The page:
Few artists can match the sheer breadth of Taylor's career, from his start as Sam Cooke's replacement in the Soul Stirrers to his jump to bluesy secular material with Stax in the mid-60's before landing smack in the middle of the soul revolution at the label where he wracked up enormous hits, including the cheating classic "Who's Makin' Love". Unlike many in that style he made the transition into the disco scene with the first certified platinum single ever given by the RIAA with "Disco Lady", his fourth #1 hit overall. Today his name recognition in the mainstream is fairly low but his accomplishments should be looked at closer.
Of all of the 60's soul kingdom in rock Tex is the one name who was as consistent, popular and innovative as virtually any, yet who's been left behind in recognition ever since. His track record more than holds up against most from that era who are already in, with more than two dozen hits to his name over 15 years, including 6 that went to either #1 or #2 on the R&B Charts, spanning southern soul to pure funk. A prolific writer and extremely influential performer with the oft-imitated microphone trick as his lasting legacy. Despite multiple nominations he's thus far failed to get in and remains one of the Hall's most inexplicable omissions.
It was a teenage Carla Thomas who first put Stax records in Memphis on the map with her hit "Gee Whiz" in 1960, a song she'd written in high school. Over the next few years, while attending college much of the time no less, she managed to put over 20 songs on the charts both as a solo artist and in duets with her father Rufus (see below), and finally with some scorching duets with label mate Otis Redding. If class counts for something she'd already be in, either way she still deserves another look.
In a career spanning from rock itself's birth to his own recent death Thomas was a true ambassador of music, both as a DJ on the legendary Memphis radio station, WDIA, and as a performer for over 50 years. In 1953 he had the first ever hit on Sun Records with "Bear Cat" and a decade later he was back in another new Memphis studio, Stax, where he cut his most famous song, "Walking the Dog". He topped the charts again in the 70's with a series of funky records at the age of 53. One of the true patriarchs of rock 'n' roll and among the most engaging live performers ever.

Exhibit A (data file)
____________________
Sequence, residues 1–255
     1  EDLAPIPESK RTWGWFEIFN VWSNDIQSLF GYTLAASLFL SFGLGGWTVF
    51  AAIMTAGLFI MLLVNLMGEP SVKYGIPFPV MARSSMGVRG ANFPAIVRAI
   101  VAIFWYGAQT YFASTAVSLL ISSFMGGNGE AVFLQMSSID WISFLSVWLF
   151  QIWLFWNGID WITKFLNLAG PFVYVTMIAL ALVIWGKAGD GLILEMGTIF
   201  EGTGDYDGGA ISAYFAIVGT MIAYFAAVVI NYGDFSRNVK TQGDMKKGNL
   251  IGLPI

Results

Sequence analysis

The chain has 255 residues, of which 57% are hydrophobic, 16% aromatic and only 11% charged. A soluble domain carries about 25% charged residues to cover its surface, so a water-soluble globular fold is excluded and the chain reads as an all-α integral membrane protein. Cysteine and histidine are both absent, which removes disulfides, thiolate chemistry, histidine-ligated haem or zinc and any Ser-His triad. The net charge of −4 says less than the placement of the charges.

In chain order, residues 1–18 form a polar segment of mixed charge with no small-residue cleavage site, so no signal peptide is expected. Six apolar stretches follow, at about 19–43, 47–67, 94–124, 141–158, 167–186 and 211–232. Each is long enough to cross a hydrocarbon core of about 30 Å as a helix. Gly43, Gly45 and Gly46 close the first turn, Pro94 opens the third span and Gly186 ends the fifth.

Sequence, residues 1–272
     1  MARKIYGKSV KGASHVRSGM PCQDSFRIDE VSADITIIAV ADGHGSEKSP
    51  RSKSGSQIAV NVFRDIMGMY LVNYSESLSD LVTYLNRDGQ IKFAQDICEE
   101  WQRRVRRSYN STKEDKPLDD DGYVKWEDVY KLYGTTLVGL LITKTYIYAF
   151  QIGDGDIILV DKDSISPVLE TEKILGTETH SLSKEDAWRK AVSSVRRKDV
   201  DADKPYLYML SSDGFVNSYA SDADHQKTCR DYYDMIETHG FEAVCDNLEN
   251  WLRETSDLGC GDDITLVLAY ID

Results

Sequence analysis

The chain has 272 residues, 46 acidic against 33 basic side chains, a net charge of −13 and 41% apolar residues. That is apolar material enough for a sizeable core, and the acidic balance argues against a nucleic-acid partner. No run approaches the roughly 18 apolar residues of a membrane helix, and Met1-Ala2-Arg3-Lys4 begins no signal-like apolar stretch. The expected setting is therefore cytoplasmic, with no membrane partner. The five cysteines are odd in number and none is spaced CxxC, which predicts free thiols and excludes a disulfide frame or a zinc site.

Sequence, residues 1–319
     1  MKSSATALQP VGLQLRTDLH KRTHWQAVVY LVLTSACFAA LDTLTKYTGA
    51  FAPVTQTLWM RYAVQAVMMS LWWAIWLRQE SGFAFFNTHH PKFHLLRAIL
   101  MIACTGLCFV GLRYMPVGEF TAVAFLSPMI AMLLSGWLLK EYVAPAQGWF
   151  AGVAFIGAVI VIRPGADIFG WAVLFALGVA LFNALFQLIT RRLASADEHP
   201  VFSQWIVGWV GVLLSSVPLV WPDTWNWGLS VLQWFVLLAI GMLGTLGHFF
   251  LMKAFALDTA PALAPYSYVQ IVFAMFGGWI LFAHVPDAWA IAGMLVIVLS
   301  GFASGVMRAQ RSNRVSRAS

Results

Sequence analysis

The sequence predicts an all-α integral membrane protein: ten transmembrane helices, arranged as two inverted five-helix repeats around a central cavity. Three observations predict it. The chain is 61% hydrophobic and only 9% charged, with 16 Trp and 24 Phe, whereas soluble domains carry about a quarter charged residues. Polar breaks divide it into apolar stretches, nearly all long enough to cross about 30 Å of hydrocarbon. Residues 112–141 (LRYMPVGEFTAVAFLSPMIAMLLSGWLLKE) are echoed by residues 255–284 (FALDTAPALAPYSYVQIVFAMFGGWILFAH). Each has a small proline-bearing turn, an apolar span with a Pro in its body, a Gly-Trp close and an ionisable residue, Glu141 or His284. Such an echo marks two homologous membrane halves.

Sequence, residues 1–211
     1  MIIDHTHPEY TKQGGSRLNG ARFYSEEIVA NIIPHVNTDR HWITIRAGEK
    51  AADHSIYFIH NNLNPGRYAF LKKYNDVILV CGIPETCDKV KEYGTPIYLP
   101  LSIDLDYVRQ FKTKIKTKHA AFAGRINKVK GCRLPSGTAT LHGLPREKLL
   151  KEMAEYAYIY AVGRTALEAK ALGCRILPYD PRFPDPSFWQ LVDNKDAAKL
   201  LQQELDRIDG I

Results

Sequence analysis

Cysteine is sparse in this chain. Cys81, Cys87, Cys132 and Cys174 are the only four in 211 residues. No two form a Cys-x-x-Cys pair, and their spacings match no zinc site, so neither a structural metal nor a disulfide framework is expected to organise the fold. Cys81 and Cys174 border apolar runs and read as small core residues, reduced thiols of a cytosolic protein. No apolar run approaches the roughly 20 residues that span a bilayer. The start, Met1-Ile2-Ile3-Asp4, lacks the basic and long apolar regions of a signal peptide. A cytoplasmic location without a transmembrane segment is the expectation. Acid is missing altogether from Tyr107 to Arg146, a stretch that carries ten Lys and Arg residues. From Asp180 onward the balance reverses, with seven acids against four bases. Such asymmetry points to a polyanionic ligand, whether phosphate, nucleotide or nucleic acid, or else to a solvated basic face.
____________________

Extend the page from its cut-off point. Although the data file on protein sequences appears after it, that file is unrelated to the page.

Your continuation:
Tony! Toni! Toné!
Virtually lost to the pages of time, at least where recounting fairly recent rock history is concerned, Tony! Toni! Toné! were a far more crucial presence of the late 80's landscape than they've been given credit for. Their soulful vocals harkened back to a gospel-influenced sound that had long been a rock cornerstone and their infusion of hip-hop aesthetics to that helped give rise to New Jack Swing, only one of the most important and influential developments in rock over the past four decades. Though Raphael Wiggins went on to a solid solo career, the group's rather shortlived tenure and lack of any sustained respect from the types of people who lord over the Hall mean they probably have zero shot at recognition.
Toots & The Maytals
Apparently helping to actually create an entire sub genre of rock is not important if that sub genre only has sporadic interest in mainstream white American and British locales. Bob Marley cruised into the Hall of Fame as reggae's iconic figure, and rightly so, while Toots Hibbert appears no closer to induction now than he ever was. He may not have reached quite the same level of recognition as Bob but he was the one who built the steps for anyone in reggae to get up that high to begin with. Reggae demands more representation in the Hall starting with this group.
The Treacherous Three
One of the more groundbreaking rap groups to emerge at the dawn of hip-hop. "Whip It" brought Kool Moo Dee's speed rapping to the forefront while "The Body Rock" was one of the first lyrically complex rhyme schemes in hip-hop and introduced the so-called "rock guitar" to rap. While they never attained the chart success of others at the time their influence on the emerging style can't be understated or overlooked... except by the Hall Of Fame of course.
A Tribe Called Quest